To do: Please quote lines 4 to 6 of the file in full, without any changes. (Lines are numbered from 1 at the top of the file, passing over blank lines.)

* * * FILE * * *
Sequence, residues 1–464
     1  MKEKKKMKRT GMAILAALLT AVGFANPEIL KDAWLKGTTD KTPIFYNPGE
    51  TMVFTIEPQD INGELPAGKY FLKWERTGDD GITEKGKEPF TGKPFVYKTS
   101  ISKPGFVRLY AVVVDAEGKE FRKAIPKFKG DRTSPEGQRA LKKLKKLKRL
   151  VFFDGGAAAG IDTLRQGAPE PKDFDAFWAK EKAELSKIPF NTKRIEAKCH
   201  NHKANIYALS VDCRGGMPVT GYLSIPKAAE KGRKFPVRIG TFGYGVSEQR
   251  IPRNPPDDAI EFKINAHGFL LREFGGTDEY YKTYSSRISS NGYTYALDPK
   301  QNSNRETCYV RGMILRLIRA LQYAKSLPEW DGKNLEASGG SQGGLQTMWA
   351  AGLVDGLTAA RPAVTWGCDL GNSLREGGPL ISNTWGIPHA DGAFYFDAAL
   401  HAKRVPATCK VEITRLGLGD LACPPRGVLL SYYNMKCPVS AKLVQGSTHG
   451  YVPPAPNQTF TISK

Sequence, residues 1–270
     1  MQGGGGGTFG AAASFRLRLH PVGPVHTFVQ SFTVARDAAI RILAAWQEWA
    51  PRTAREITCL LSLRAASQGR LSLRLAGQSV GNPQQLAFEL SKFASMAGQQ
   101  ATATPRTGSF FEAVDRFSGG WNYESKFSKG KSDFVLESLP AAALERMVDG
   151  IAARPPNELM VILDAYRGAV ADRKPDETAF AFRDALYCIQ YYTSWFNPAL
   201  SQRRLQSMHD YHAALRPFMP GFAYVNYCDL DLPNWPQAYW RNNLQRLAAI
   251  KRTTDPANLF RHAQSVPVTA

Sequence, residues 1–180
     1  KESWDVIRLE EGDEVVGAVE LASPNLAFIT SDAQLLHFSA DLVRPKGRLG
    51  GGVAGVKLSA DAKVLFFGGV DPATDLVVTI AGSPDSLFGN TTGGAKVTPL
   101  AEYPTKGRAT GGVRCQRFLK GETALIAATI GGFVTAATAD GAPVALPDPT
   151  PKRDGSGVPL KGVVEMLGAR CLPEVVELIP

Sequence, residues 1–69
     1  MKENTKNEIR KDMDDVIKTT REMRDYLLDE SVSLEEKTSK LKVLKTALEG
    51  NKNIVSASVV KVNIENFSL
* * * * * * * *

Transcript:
   101  ISKPGFVRLY AVVVDAEGKE FRKAIPKFKG DRTSPEGQRA LKKLKKLKRL
   151  VFFDGGAAAG IDTLRQGAPE PKDFDAFWAK EKAELSKIPF NTKRIEAKCH
   201  NHKANIYALS VDCRGGMPVT GYLSIPKAAE KGRKFPVRIG TFGYGVSEQR